We all know that stress can take a toll on our overall health. Chronically stressed people can develop anxiety disorders, sleeping disorders, and stress can even go as far as heightened blood pressure, risk of stroke, heart attack and heart disease. In fact, stress is very bad for your health. But what toll does stress take on your oral health?
When it comes to oral health, stress can manifest itself in a number of ways that can hurt your teeth. In today’s society it can be pretty easy to get stressed out, there are a lot of balls in the air and a lot of juggling required to make ends meet. It is common to experience stress, but what is less common is teeth grinding as a manifestation of stress.
According to the National Sleep Foundation, 8% of adults grind their teeth at night. But, a recent article reveals that grinding may be on the rise.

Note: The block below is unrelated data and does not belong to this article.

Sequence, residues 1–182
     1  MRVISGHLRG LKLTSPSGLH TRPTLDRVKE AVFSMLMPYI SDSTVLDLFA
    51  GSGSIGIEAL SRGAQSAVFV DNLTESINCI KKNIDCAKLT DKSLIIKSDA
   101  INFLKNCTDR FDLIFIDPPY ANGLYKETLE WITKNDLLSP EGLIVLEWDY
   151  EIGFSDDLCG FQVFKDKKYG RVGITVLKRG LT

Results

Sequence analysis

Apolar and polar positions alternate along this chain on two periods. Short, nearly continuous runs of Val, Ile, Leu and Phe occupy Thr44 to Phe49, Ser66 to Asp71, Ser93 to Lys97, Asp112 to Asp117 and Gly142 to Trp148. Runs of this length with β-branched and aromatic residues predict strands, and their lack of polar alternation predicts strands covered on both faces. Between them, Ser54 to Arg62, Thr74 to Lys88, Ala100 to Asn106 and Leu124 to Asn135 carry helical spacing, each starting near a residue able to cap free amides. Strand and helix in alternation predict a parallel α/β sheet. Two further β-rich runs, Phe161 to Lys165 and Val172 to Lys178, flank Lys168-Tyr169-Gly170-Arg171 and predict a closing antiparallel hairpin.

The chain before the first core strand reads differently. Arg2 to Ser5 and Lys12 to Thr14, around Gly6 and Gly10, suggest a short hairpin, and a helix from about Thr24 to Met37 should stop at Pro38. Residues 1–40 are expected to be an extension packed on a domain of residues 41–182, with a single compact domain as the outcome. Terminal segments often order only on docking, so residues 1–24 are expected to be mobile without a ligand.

Grinding your teeth and clenching your teeth is known as bruxism, and stress is a contributor to that. A 2010 study by Head & Face Medicine found that sleep bruxism is common in people who experience daily stress and problems at work. That means that the stress you feel at your desk to get things done, impress your boss, and move up in the company could be making you grind your teeth while you sleep.
It might not seem like a big deal to you that grinding is the way you release your stress, far better than some alternatives such as lashing out at coworkers, or having aggressive outbursts, but it has a big impact on your oral health.
Grinding or clenching your teeth leads to cracked, chipped, and broken teeth. Many people don’t realize that they are grinding at night until they break a tooth. If you are grinding your teeth because of stress, you will likely end up with multiple crowns and other dental procedures.
Try using a night guard or talk to you dentist about how you can stop grinding, or at least inhibit its affects on your teeth. Trying to de-stress may seem impossible, but it is key to leading a healthier life overall and it is crucial for your oral health.